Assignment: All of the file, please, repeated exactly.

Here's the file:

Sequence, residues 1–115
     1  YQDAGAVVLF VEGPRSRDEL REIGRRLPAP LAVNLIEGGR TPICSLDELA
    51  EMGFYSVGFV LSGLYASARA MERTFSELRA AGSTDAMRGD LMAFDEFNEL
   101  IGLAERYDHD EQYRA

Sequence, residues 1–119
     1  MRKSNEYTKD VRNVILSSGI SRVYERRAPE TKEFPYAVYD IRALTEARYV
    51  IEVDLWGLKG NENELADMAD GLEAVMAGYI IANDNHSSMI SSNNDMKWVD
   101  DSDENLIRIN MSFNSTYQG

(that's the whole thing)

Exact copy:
Sequence, residues 1–115
     1  YQDAGAVVLF VEGPRSRDEL REIGRRLPAP LAVNLIEGGR TPICSLDELA
    51  EMGFYSVGFV LSGLYASARA MERTFSELRA AGSTDAMRGD LMAFDEFNEL
   101  IGLAERYDHD EQYRA

Sequence, residues 1–119
     1  MRKSNEYTKD VRNVILSSGI SRVYERRAPE TKEFPYAVYD IRALTEARYV
    51  IEVDLWGLKG NENELADMAD GLEAVMAGYI IANDNHSSMI SSNNDMKWVD
   101  DSDENLIRIN MSFNSTYQG